“It was Internazionale, I just remembered. That was the only time I was in tears in the control room. The Fox thing didn’t bother me, that was funny. The Internazionale thing with the accent and everything, that was just you-had-to-gather-yourself funny. So that was definitely my moment.”
On Carragher’s Scouse accent, Radovich had a great story on that as part of a discussion of how they put this panel together, saying that Carragher only got the job after two of three CBS executives’ wives were able to understand him.
“When we first started, less than three years ago, I think I’ve said this publicly, but this is true. When I first heard that we had a chance of getting this, the next sentence out of my mouth was ‘We need to go get Kate Abdo.’ So Kate was quite literally Day 1 in the plans. After that, because of COVID, we knew we had to do it in Europe because everything was shut down in the summer of 2020 in the U.S., so we knew we had to do it in London. So we started making phone calls, watching tape. We knew we needed people fast, and Roberto Martinez was available, and he brought a lot of what we needed. After that, we needed a bit more on the other side of the entertainment, and Jamie came our way.”
“And Jamie knows the story that basically with his accent, there was a decision to be made for American audiences. So Jeff Gerttula [EVP, digital, CBS Sports and CBS News and Stations], Ben Stauber [senior director of on-air talent, CBS Sports] and I decided that we were going to let our wives decide. So we showed tape of Jamie to our wives that night and asked straight up ‘Do you understand what this man is saying?’ And he got yes to no, on a two to one vote, he made it.”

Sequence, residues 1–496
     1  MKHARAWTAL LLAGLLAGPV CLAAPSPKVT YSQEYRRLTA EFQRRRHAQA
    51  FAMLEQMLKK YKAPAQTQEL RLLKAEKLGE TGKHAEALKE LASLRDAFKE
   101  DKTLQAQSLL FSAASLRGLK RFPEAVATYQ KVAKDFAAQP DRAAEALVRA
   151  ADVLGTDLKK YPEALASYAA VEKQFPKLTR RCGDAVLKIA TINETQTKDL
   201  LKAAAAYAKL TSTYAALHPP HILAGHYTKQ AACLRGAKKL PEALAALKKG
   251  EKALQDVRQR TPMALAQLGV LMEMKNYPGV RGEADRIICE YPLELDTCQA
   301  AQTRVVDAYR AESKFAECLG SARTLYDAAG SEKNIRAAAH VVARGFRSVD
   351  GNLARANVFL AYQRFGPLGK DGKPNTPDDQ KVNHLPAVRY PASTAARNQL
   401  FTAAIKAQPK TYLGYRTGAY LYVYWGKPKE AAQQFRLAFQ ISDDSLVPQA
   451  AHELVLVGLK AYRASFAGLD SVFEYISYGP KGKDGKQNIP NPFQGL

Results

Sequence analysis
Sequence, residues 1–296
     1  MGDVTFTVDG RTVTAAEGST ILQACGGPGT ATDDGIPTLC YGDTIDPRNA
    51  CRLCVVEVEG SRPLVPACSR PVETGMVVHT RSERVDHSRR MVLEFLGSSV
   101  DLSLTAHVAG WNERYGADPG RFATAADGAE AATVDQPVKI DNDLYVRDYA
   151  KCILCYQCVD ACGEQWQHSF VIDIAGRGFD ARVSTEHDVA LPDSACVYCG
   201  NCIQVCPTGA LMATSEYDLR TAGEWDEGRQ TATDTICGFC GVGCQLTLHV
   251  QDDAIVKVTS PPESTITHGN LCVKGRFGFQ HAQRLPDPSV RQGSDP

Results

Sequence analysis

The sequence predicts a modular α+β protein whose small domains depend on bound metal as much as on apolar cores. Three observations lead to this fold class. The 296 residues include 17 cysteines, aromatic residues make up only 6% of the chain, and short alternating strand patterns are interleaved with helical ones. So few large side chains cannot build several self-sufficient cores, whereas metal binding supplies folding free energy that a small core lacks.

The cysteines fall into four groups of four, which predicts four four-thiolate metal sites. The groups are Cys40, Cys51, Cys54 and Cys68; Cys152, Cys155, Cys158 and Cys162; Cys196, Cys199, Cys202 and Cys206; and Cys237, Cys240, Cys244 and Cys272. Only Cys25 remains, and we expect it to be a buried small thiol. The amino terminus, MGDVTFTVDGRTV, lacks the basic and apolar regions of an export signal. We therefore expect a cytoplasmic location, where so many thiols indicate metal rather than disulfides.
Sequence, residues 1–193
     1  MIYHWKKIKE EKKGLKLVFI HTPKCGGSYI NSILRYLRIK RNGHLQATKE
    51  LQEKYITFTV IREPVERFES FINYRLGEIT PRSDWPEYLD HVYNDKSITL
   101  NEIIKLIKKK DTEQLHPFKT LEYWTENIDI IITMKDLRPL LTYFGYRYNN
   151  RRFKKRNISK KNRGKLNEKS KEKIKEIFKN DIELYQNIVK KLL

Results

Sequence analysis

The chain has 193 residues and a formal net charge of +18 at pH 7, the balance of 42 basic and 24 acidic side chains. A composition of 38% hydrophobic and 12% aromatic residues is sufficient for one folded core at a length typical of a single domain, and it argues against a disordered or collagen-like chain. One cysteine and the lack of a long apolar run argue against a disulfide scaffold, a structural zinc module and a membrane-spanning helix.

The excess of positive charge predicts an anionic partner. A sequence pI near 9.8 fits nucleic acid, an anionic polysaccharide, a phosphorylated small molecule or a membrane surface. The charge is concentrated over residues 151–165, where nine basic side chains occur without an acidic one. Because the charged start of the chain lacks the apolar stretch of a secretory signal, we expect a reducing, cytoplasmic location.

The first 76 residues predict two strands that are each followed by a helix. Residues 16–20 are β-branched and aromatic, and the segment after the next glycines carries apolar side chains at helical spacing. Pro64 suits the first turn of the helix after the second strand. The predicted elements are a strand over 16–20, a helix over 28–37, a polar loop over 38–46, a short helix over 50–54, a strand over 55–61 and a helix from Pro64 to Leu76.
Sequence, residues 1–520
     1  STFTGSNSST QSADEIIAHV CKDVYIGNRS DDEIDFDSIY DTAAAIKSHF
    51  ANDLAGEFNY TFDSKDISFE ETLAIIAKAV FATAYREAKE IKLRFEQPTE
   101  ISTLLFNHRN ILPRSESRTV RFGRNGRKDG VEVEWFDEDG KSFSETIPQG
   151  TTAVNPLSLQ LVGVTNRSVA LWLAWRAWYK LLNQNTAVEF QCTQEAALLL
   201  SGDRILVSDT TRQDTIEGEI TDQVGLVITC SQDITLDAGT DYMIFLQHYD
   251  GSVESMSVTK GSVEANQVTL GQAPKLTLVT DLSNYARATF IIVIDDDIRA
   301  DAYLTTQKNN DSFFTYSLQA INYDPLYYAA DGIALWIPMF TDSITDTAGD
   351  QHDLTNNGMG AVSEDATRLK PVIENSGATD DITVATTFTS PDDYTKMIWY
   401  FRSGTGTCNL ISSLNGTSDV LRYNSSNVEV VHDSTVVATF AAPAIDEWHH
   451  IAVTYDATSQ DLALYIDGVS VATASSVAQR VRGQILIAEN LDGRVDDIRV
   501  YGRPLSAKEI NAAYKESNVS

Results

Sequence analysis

Radovich said Richards got his role after he saw tape of him on a podcast.
“Micah, we saw some traditional tape of him in a studio, and I told Micah this, he was still relatively new, green, and then just in doing our research, we saw him on a podcast, and he was a completely different person. So I visited with Micah, and said ‘Can we set up a Zoom?’, and basically the first question was ‘We’ve seen you in studio, we’ve seen you on a podcast, can I get the Micah that was on the podcast?’ Because that’s what I wanted. So that was a quick yes. ”
And he said Henry came on board after Martinez left to return to managing, and that actually came as part of the impact of the show.
“When Roberto stepped out and Kate said to me that she ran into Thierry Henry at the Champions League final and he mentioned he loved what we were doing, when Kate tells you that Thierry Henry’s aware of what we’re doing and likes it, of course that’s the next phone call,” Radovich said. “Roberto sort of served as the adult in the room, so with Roberto not there, we needed another adult in the room, so we reached out to Thierry. And it was nice to have a striker, too, because we were very defensive, between Peter [a former keeper] and all of our defenders. We needed someone who was going to score a couple goals. And that’s how it all came together.”
In terms of the actual match coverage Saturday, famed English commentator Clive Tyldesley will provide play-by-play alongside analyst Rob Green, with rules analyst Christina Unkel also contributing as needed. Radovich said Tyldesley has been a perfect fit for CBS’ coverage.
“He’ll be on site, and Clive’s been amazing. He’s amazing to work with, he’s obviously an institution himself. …Having him as part of this crew, I think when you’re putting together the elite talent that we have on this Zoom, you have to stay on that same level. And in the booth, with Clive there, I think we’ve got everything covered. And then you throw in Guillem and Peter Schmeichel. But as far as Clive’s concerned, I don’t want to speak to what this would mean to him, but I just know for us, we’re very excited to have him up there. Given his history and what he’s done in the past, this is pretty cool. If anyone’s ready for a historic moment, it would be him.”
More details on CBS’ UEFA Champions League Final coverage can be found here.